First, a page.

Tribute to Justus Esiri: Justus was larger than life itself

By DELE OLOWU

When without any preparation, I jumped out of regular employment around 1978, it was clear I was headed for deep waters. At 29, it didn’t really matter, as I foolishly believed I could conquer the world even with my bare hands! But the reality was vastly different.

With less than five years experience in journalism, and an inchoate portfolio  of business ideas, I certainly did not look the part of a millionaire in the making. But some relief came in the shape of an Avant Garde motor company based in Benin. It offered me a consultancy!

Atari Motors owned by Theo Boyo was not merely interested in merchandising. It was also a fashion statement as it brought together a number of men and women, all of them fashionistas, and many of them, fluent in English and German.  Atari  flew the flag of exotica and Justus Esiri was one of its more expressive icons.

It was at Atari that I met Justus. But having attended Hussey College I was myself quite familiar with the legendary visibility of the Esiri family in the Warri urban spread. I had no direct links with Justus, but my late mother, Mrs Julie Ikomi, taught Justus Esiri at Township School, Warri. As my friendship grew with Justus, teacher and pupil would meet now and again, with my mum often chorusing his name in her special way Ejustusuuu! The meetings were often drenched in animation.

While serving at Atari where he was the Manager, Justus often gave the impression that he had his gaze on other things. He was a natural entertainer and regaled us with stories of his career in European theatres.

He sang songs in different languages and till date, I can’t recall anyone, living or dead, who can sing the song entitled ‘The End’ with the professional dexterity Justus Esiri would deploy. If I also recall rightly, he also told me, his wife had been a member of his theatre group in Lagos, before their sojourn in Benin.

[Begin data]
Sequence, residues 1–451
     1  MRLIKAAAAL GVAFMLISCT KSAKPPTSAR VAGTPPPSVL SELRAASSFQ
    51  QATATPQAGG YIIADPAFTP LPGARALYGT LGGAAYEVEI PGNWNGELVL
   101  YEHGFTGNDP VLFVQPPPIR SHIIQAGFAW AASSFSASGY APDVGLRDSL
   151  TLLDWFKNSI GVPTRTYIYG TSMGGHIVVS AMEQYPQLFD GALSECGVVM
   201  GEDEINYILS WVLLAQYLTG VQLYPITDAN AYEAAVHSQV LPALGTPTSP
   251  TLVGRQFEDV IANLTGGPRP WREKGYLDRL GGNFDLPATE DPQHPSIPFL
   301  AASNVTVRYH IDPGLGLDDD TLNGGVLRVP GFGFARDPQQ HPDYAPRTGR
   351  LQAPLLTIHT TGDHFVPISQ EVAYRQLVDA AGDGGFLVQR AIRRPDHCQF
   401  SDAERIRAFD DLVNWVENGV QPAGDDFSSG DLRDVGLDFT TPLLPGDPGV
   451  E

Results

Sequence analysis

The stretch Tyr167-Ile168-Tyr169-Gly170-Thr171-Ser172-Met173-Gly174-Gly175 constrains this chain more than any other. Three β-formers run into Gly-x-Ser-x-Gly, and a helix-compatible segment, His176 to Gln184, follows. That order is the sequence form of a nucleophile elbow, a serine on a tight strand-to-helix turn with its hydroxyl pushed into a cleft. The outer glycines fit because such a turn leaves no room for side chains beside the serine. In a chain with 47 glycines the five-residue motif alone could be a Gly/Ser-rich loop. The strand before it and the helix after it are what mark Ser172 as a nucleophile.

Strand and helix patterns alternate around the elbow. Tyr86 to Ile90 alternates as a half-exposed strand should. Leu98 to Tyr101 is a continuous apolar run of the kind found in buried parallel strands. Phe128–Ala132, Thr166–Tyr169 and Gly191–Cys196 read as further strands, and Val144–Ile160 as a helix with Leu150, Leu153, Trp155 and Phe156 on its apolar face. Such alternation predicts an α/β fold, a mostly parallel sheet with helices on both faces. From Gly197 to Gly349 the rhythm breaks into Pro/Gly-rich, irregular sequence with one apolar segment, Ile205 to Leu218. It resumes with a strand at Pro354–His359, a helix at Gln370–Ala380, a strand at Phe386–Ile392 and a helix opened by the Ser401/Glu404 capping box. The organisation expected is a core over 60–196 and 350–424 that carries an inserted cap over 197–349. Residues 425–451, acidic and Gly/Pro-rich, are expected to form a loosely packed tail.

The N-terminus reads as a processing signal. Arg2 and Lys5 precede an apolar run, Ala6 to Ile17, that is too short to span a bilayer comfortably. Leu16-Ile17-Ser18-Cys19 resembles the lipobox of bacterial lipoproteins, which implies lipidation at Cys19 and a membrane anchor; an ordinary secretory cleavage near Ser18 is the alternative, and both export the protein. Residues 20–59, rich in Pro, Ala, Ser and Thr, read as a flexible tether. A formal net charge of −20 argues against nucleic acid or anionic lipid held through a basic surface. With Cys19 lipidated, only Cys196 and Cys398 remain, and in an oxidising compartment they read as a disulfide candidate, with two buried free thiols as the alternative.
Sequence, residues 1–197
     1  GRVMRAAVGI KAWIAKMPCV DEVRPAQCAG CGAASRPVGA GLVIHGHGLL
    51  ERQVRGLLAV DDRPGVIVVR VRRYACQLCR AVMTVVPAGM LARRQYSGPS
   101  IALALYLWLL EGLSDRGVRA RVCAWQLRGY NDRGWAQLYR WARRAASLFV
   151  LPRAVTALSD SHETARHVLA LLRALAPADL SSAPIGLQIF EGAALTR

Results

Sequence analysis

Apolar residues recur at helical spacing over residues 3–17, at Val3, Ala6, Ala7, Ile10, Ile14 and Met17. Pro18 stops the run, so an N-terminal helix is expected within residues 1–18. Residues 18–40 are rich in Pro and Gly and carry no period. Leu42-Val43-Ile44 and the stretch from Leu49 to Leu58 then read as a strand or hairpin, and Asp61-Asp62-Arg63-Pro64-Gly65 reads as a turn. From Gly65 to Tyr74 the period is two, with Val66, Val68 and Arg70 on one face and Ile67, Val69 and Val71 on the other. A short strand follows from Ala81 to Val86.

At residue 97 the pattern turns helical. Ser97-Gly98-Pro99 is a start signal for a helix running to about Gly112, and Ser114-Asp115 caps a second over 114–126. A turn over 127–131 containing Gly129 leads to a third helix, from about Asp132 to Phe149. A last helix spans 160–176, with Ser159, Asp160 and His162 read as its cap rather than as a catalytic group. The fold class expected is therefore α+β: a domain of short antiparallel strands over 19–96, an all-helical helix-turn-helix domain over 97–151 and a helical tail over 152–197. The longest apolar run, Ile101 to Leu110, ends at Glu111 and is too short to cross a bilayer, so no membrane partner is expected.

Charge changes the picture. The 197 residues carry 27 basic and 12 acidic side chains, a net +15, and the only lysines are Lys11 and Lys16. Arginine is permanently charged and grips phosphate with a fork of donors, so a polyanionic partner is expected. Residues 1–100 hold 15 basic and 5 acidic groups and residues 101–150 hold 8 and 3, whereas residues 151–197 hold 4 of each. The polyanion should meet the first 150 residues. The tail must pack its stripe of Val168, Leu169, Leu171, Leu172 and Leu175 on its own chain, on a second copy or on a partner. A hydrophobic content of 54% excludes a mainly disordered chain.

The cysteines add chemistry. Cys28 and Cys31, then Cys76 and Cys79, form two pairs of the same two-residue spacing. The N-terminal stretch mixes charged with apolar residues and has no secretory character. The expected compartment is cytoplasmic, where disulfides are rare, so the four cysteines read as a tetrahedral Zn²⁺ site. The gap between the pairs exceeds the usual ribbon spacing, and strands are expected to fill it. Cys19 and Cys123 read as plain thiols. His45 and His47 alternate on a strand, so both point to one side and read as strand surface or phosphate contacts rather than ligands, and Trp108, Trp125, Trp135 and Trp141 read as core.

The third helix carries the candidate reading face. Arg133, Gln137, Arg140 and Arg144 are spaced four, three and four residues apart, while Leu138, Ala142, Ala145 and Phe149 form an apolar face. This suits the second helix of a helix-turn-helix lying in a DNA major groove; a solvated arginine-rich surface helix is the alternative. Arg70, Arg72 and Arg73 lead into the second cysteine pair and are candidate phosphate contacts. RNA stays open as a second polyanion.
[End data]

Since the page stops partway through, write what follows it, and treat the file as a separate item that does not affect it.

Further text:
After Atari Justus relocated to Lagos and I believe he met  Peter Igho through me. Peter it was who threw the opportunity at him, to reignite  his expressive genius. He starred in Village Headmaster and the rest is history.

He is a household name and has made a huge success of his career in Nollywood. Nollywood is one of the most enduring Nigerian triumphs, owing nothing to government and it’s stultifying influence. It is surely one of the truly unmixed blessings of the Nigerian condition. And Justus Esiri is arguably one of the great purveyors of this huge revolution.

But Justus was not just an actor. Or let us say he was an actor of many parts. He was deeply religious and his Catholic faith remained somewhere in his heart. To hear him execute the gregorian chant, was always a uniquely uplifting experience. He was free with his time and freer still with his money.

A younger friend of mine from Etsako was put through university and law school by Justus Esiri. In fact, Justus adopted him as his son. Justus was a good mixer, an enthusiastic friend, a party animal and recognized the joys which came from entertainment.

He was also a great husband and a caring father. Justus was a well-known face at Olosha Market, to which I accompanied him on ocassional Saturdays. He would chop meat with butchers, haggle with fish vendors, banter with bread sellers, and eventually haul his unwieldy harvest into his vehicle amidst singing and dancing!

As a visiting guest, I enjoyed his hospitality frequently. Omiata, his left handed wife, was the artisan in the house. No power problem was beyond her ken. And her cooking, even though closely mimicked by Justus himself, was unrivaled. The Esiris are  a cohesive family. God has blessed this family.

The goodwill left by Justus whom I saw last when my mum was interred in February 2012, is huge. Justus is truly larger than life. One of my private regrets is that again one is left feeling, it is death which often serves as the sympathetic artist, giving true dimension to the gifts of the deceased.

As we bask in the afterglow of this illustrious career, let us resolve to honour greatness more loquaciously, even when it is on its two legs! RIP Justus.

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